Figure 2. Vitamin C’s role in 2-oxoglutarate and Fe2+ dependent dioxygenase (2-OGDD) activity. Legend abbreviations: ASc—ascorbate; SCVT1—sodium dependent vitamin C transporter 1; SCVT2—sodium dependent vitamin C transporter 2; DHA—dehydroascorbic acid, TET—ten–eleven translocation proteins; JHDM—Jumonji C-domain-containing histone demethylases; HPH—hypoxia-inducible factor prolyl hydroxylases; FIH—factor-inhibiting hypoxia-inducible factor; HIF1α—subunit α of the hypoxia inducible factor 1; HIF2 α—subunit α of the hypoxia inducible factor 2. Ascorbate can be engaged in restoring the activity of 2-OGDD enzymes by reducing Fe3+ to Fe2+, which can be found in the catalytic center of those enzymes. 2-OGDD enzymes also require 2-oxoglutarate to maintain their catalytic activity. TET, JHDM, HPH and FIH are members of the 2-OGDD family, and their main roles in cell biochemistry are based on DNA demethylation (TET proteins), histone demethylation (JHDM proteins) and HIF1α and HIF2 α activation (HPH and FIH proteins). A more detailed description is given in the text.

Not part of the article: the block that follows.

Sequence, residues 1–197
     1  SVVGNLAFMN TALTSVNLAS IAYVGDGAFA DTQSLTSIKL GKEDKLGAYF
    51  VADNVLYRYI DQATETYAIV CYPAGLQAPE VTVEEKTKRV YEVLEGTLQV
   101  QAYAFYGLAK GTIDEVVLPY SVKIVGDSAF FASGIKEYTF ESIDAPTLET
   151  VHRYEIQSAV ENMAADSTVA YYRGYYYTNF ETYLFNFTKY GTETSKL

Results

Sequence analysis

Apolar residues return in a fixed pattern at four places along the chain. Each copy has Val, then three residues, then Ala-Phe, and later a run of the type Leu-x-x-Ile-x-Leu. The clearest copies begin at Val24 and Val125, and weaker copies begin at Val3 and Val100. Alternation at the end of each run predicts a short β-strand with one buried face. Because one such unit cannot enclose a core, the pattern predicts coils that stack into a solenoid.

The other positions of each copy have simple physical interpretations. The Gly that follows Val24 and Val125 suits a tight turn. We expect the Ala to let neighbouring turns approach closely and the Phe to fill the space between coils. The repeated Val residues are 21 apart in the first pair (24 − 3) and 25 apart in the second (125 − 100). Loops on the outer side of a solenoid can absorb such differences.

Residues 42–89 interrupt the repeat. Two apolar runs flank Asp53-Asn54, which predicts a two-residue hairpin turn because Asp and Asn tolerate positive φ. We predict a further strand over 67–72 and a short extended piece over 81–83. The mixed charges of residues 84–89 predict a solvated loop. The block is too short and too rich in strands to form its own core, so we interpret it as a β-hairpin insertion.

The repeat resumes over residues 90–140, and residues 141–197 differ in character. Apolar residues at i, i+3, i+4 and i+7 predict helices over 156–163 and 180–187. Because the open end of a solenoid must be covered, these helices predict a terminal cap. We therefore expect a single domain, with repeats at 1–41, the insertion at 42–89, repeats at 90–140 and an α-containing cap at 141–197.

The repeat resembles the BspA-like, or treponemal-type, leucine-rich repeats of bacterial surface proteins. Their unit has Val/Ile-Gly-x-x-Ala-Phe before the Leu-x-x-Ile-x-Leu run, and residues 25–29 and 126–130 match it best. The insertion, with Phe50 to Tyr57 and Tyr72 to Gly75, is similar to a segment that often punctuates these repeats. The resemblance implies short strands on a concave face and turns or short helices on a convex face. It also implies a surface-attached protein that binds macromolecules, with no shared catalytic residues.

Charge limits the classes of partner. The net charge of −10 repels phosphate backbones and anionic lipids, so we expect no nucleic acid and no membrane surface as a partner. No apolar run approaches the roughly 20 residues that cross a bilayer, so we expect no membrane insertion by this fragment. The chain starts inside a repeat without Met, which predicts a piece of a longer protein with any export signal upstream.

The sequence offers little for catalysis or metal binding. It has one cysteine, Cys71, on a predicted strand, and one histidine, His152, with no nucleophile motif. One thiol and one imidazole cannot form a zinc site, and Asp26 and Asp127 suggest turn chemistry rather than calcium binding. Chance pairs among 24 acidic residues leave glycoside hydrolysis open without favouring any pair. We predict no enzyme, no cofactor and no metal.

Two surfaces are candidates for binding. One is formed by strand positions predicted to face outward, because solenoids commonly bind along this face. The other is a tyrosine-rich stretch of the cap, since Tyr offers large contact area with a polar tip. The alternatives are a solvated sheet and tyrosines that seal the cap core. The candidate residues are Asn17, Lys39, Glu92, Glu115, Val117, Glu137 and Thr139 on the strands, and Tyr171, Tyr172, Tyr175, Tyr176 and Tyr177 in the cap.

Research over the past decade has highlighted that vitamin C has a crucial function in epigenetics. In 2009, Tahiliani et al. shed new light on the epigenetic field. The authors discovered that ten-eleven-translocation enzymes (TET: TET1, TET2, TET3), originally considered as chromosomal translocations of the genes MLL and LCX (t(10;11)(q22;q23)) in acute myeloid leukemia patients [12][13], are actually responsible for changing the DNA methylation pattern [14]. Their research indicated that TETs have the ability to induce the hydroxylation of 5-methylcytosine (5-mC) to 5-hydroxymethylcytosine (5-hmC), which leads to DNA demethylation [14]. Later developments in this field revealed that TETs are also involved in the further hydroxylation of 5-hmC to the other cytosine derivatives, which can be subsequently excised by DNA glycosylases [15]. A number of studies have found that ascorbate is an important compound for TET protein activity, since these proteins belong to the 2-OGDD superfamily. It has been proven that ascorbic acid enhances 5-hmC generation by promoting the hydroxylation of 5-mC provided by TET proteins [16]. Additionally, it was conclusively demonstrated that ascorbic acid’s impact on TET proteins is not only due to its reducing ability, as other strong oxidizing agents do not present a similar activity [17]. In line with this finding, vitamin C was proposed to be an agent that promotes DNA demethylation [16][17]. DNA methylation and demethylation are not only linked with cytosine modifications, but also with chromatin reorganization through changes in the amino acids in histones. The enzymes responsible for histone demethylation are Jumonji C-domain-containing histone demethylases (JHDMs), which also belong to the 2-OGDD superfamily [18]. As mentioned in the literature review, more than 20 JHDMs are capable of eliminating the methyl groups of lysines, which are located in histones [9][19]. Previous studies identified that the methylation of lysines can induce or inhibit transcription depending on their location in the histones. Methylation located at lysine 9 in histone H3 and at lysine 20 in histone H4 provides gene silencing, whereas the methylation of lysine 4, lysine 36, and lysine 79 in histone H3 is linked with enhancing transcription [20][21]. A large and growing body of evidence has investigated the essential role of the impaired balance between methylation and demethylation during cancer initiation and progression [22][23][24][25]. In recent years, there has been an increasing interest in TET or JHDM mutations in different cancers, especially hematological ones [26][27][28]. Therefore, the plausible effects of vitamin C in cancer therapy have been the central aim of numerous works of research.